The artwork consisted of algorithmic organisms on video screens living out their life cycles germinating, growing, mutating and decaying, unavoidable aspects of being alive. The computer generated organisms developed cancer to varying degrees. Coded within the parameters of complexity theory, their survival rate was similar to that of human populations. They looked ambiguous, they could be streetscapes of evolving cities disrupted by the successive impositions of a changing social imagination.. Music generated from the same code and played through window-mounted transducers haunted the streetscape.
It was an interdisciplinary collaboration with oncologists, a computer scientist, a psychologist, a composer and others. Participants felt that it deepened and challenged their thinking and attitudes to cancer. A challenging aspect was the interaction with cancer patients, some of whom initially found the work very difficult. It required rigour and care to be responsible for the impact of my artwork on patients and to confront cancer unflinchingly to create a new way of conceptualising and representing cancer.
Note on the Coding by Nick Rothwell
Initial illustrations of corporeal structures and city maps led to early software designs based around the generation of abstract, line-based tree forms. The application of Lindenmayer algorithms to simple initial data sets resulted in the generation of assorted tree-like forms, but we were limited by their primitive point-and-line structure: one of the appealing aesthetics of city maps is the dualism between the road system and the solid geometric areas which are defined by the roads which surround them - an appearance resembling two-dimensional images of cell structures, pertinent to the theme of the artwork. Eventually, an engineering shortcut suggested itself: use the branching points of the trees as seed points for a Voronoi tesselation, resulting in a plane of geometric regions with an organic, cell-like structure. The cells form a duality with the tree, and "growing" a tree from its root results in a cell-based growth animation which is both natural-looking and strangely intriguing.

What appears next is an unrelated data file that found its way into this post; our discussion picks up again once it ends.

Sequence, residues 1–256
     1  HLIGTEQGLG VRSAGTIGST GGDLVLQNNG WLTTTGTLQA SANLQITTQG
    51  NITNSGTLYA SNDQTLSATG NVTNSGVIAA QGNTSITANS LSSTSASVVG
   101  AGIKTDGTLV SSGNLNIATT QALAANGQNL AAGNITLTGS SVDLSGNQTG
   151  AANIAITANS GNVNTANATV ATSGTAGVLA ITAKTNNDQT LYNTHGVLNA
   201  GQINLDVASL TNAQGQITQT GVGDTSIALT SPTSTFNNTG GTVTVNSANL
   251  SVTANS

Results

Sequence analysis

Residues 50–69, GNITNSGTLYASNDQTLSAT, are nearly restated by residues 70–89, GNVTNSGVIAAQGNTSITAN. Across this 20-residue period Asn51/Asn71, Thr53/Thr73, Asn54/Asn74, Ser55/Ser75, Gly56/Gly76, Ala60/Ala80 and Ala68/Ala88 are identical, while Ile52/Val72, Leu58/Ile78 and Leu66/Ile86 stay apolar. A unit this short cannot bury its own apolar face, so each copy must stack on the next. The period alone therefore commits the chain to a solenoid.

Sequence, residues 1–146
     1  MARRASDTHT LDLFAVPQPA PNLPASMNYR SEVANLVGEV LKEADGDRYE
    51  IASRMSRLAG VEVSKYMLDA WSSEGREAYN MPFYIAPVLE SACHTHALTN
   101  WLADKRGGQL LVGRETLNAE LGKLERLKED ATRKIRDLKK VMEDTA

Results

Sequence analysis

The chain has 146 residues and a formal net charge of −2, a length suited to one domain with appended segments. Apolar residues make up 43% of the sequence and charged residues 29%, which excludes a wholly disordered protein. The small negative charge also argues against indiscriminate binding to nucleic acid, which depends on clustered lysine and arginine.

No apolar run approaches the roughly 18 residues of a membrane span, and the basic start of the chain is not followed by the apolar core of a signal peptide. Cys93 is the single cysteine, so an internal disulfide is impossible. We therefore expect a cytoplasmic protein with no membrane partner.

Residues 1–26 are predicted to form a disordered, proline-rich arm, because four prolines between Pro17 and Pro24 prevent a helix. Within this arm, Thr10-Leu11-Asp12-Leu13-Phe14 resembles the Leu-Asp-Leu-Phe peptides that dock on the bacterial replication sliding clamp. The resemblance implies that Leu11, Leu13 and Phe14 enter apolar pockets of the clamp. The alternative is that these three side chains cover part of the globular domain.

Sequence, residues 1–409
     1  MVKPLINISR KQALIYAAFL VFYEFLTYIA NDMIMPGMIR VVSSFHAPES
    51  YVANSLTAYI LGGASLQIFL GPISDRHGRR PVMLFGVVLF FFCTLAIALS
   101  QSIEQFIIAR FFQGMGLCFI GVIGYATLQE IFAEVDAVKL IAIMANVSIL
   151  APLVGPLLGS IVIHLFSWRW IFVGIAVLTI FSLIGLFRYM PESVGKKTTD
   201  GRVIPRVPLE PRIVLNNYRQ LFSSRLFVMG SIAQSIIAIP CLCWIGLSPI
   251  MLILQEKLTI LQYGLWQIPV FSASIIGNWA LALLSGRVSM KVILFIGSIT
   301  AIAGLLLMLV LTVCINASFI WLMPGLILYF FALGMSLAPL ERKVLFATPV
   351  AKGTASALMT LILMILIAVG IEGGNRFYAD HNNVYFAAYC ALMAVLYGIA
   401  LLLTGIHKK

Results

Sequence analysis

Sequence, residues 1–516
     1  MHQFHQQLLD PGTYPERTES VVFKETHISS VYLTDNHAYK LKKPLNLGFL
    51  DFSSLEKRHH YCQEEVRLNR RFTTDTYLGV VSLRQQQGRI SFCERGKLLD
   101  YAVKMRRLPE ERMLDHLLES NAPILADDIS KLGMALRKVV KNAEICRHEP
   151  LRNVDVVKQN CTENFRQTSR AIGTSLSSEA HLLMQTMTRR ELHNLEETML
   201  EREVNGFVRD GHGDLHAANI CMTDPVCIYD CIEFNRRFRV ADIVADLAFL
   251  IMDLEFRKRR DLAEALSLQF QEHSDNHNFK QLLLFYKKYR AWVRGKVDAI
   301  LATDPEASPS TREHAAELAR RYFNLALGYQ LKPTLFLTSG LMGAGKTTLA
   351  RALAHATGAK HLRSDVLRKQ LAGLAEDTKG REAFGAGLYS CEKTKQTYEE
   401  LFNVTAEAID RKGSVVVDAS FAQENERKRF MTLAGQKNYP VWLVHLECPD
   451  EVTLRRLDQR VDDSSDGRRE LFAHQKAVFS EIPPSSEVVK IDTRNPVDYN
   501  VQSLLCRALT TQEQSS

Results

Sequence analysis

Note on the Music by Rob Godman
Initially, I had investigated using the same biological models to create the sound for this work – it was the most obvious thing to do, the technology we use could have made 'sense; of the data and 'converted' it into sound. But somehow it seemed to avoid the issue of what Anarchy in the Organism is all about – the appalling contradiction between the apparent beauty and self-destructive strength of the cancerous cellular growth and the affect of the cancer on the sufferer and their families. Therefore, the music became more organic in its approach with the idea of multi-layered duality and interaction becoming increasingly important.
The music for Anarchy in the Organism exploits our perception of time. I love the fact that machines are able to measure time incredibly accurately, yet human perception of time is deeply inaccurate and dependant on emotion and physiological matters. Central to the concept, is the idea of interruption, interference and disturbance – all elements that are analogous to the introduction of a cancerous cell into a system. The music uses a rhythmic technique I am calling (somewhat erroneously...) Pulse Time Modulation (PTM) - the idea being that a repeating sound (a pulse) is subject to a constantly changing tempo creating a shifting accelerando/rallentando effect.
The project would not have been possible without:
The cancer patients who generously offered their experiences
The patient carers and doctors
The researchers who informed the scientific knowledge of the work
A special thank you is due to Monia Brizzi for expanding and deepening the thinking and feeling behind the work.
- Huffington Post Interview
- Interview with Professor Nelson
- Installation and development shots
- London Laser Talk
- Video Clip
- Video Clip